This applies unless one considers the possibility of CC of the third ventricle differing from those detected in other brain regions. Such has been diagnosed in a pediatric patient who suffered from three cysts, one of them obstructing the third ventricle, the other two developing in the supratentorial subarachnoid space [5]. Here, a neuroepithelial origin has only been shown for those cysts outside of the third ventricle. The CC of the third ventricle has been proposed to consist of endodermal tissue. In detail, it has been suggested that this cyst originated from the cleft of Rathke's pouch. This would argue for CC being congenital lesions that originate from embryonic structures.

For a long time, it has been assumed that CC are of neuroepithelial origin. Indeed, to this day, they are commonly referred to as neuroepithelial cysts. This theory has been refuted when cells covering CC have been shown to bear considerable similarities to respiratory epithelium but not to choroid plexus or ependyma [6]. Later, it could be demonstrated that those distinct cell types that compose the capsule of a CC correspond in further respects to respiratory epithelium: morphologic features, cytoplasmic cell organelles and cell junctions remind of mucous membranes lining the respiratory tract.

Although it may seem that the mystery of CC histogenesis has been resolved, evidence supporting the aforementioned theories is still provided [7]. In sum, the origin of these benign tumors is a matter of ongoing debate.

Epidemiology

The annual incidence of CC has been estimated to be at least 3 per 1,000,000 inhabitants [8]. CC account for only 2% of primary brain tumors but are rather common in patients presenting with intraventricular lesions. The vast majority of CC is located in the medial, anterior portion of the third ventricle, at the foramen of Monro [1].

CC are most frequently diagnosed in adults aged 20 to 50 years, but these tumors have also been described in many pediatric patients. In fact, CC may be congenital lesions that don't provoke any clinical symptoms until well into adulthood.

Predilections regarding race or gender have not been reported.

Sex distribution
Age distribution

Pathophysiology

CC are round, smooth masses that usually measure a few millimeters in diameter but that may grow to several centimeters. They are well demarcated, both with regards to diagnostic imaging and to the naked eye. CC grow very slowly and may not cause any symptoms at all, during years or even throughout life. However, CC patients often present with intermittent but intense headaches that result from an increased intracranial pressure due to obstruction of cerebrospinal fluid drainage. Under physiological conditions, the liquid flows from the lateral ventricles through the foramina of Monro into the third ventricle, fourth ventricle, and subarachnoid spaces. Even though the passage into the third ventricle is blocked by a CC, production of cerebrospinal fluid in the lateral ventricles continues: The patient can develop hydrocephalus.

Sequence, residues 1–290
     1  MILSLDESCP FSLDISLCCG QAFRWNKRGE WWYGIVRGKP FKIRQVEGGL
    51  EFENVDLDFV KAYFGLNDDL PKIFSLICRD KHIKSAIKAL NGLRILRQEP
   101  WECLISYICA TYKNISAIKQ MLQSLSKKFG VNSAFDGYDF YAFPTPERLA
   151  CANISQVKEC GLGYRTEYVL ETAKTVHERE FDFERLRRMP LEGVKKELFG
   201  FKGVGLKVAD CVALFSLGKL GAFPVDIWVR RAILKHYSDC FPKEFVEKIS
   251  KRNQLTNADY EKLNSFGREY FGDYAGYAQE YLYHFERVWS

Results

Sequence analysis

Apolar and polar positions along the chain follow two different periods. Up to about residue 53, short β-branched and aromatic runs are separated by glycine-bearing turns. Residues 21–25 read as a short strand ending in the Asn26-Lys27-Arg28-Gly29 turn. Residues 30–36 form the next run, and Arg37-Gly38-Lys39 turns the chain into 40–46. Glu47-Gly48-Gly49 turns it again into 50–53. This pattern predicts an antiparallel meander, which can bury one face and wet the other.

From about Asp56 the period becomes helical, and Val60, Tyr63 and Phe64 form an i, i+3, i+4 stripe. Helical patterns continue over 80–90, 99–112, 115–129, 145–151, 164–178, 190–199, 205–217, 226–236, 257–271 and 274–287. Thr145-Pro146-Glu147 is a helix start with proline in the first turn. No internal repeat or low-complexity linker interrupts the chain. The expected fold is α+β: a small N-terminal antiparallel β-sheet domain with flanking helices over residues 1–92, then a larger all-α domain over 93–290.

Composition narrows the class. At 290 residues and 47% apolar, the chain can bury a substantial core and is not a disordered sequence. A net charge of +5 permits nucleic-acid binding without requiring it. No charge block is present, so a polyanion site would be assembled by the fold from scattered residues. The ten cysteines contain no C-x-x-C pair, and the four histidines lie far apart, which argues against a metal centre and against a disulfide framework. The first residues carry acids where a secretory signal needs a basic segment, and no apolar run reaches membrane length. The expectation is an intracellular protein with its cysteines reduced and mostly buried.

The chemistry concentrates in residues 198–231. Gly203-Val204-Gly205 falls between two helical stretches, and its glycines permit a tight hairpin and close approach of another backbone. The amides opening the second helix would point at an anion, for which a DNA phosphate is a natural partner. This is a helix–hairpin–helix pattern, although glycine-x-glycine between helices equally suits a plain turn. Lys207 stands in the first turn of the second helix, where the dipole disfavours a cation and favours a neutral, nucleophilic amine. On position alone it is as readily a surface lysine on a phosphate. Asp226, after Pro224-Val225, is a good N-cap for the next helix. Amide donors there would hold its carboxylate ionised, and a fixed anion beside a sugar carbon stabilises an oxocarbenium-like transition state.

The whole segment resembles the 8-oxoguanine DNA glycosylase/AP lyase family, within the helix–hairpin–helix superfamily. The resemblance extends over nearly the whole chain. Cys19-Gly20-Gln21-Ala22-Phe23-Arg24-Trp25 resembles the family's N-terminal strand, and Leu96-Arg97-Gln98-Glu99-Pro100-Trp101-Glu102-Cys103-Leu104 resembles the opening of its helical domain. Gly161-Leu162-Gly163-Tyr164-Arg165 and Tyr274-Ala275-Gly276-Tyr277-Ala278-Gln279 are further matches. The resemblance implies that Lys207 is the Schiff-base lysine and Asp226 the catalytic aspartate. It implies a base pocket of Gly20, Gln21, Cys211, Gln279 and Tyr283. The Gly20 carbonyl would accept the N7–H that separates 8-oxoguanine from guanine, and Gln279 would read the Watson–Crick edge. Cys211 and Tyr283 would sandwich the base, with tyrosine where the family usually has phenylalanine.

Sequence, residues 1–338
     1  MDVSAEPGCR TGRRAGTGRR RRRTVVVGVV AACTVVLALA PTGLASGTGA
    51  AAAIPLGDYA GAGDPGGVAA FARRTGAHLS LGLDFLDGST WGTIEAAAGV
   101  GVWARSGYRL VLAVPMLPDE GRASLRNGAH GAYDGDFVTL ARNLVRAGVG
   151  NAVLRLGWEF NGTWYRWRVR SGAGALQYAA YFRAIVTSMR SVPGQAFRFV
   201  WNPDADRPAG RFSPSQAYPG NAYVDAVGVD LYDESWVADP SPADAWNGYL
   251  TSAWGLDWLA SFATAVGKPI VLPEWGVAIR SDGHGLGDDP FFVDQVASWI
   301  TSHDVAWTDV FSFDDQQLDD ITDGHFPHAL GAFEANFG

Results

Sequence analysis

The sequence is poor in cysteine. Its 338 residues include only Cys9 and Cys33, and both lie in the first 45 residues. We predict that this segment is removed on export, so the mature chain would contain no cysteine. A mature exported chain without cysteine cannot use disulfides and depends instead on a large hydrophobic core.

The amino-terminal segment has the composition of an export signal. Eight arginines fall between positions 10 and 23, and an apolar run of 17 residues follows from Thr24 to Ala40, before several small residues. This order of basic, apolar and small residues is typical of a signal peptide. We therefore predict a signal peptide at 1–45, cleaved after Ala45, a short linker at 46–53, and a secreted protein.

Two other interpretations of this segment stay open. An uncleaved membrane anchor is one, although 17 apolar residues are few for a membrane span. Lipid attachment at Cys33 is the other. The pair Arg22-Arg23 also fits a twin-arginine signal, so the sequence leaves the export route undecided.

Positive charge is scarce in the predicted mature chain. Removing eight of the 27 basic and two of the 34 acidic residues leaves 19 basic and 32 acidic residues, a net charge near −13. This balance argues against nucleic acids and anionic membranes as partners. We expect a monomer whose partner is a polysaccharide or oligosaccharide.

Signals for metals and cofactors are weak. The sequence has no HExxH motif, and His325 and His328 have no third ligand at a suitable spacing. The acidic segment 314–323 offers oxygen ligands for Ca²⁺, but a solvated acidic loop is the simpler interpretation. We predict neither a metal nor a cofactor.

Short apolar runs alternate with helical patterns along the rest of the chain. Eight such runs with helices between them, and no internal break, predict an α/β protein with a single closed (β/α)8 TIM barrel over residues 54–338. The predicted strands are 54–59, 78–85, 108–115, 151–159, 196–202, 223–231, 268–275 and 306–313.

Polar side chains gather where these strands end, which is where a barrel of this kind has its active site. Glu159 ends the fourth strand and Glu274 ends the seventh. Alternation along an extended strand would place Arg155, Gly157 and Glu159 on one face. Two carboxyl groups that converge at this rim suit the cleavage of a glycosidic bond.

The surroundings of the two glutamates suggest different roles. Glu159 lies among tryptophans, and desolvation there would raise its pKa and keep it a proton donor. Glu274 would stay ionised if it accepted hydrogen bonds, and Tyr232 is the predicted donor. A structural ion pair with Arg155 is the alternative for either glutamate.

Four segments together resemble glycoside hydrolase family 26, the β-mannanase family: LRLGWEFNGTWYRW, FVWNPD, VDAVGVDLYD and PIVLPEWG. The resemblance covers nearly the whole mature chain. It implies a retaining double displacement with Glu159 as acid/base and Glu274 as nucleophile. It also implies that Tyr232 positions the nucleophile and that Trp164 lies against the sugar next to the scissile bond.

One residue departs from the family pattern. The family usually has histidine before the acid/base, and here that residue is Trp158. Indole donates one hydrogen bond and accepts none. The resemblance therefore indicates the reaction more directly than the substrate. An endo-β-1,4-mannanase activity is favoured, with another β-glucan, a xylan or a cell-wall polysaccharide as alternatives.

The most feared complication of CC is sudden death. Although hydrocephalus may cause brain herniation, symptom onset is rarely acute. To date, it is not clear which pathomechanisms cause sudden death in CC patients. They may or may not be related with hydrocephalus; a correlation with tumor size could not be proven.

The cyst is surrounded by a thin capsule and contains gelatinous material. Presumably, active secretory cells in the capsule release further mucus into the interior of the cyst. This may be the mechanism of "tumor growth" and in this scenario, the capsule would merely adjust to pressure increase instead of growing in an uncontrolled manner. The amorphous content of the cyst may also contain cell debris and cholesterol. The latter may be visualized by means of magnetic resonance imaging.

Prevention

No specific measures can be recommended to prevent CC.

Summary

Colloid cysts (CC) are rare intracranial lesions of neoplastic origin. They are almost exclusively located in the anterior portion of the third ventricle and thus, most affected individuals are diagnosed with the colloid cyst of the third ventricle [1]. Only isolated cases of CC obstructing the lateral ventricles, the fourth ventricle or connecting structures have been reported.

CC are benign tumors consisting of a thin, presumably epithelial capsule and gelatinous, more or less liquid content. Their origin is still a matter of debate. Although CC are most commonly diagnosed in adulthood, they may also be encountered in pediatric patients. It has thus been speculated that CC are congenital lesions [2], but this theory is difficult to prove if they are only detected in adulthood.

Historically, CC were associated with high mortality rates. These neoplasms exert local mass effects, obstruct the third ventricle and may compromise adjacent brain tissue. Mechanical impairment of cerebrospinal fluid drainage results in acute hydrocephalus, a life-threatening condition. The subsequent increase in intracranial pressure may cause brain herniation and death.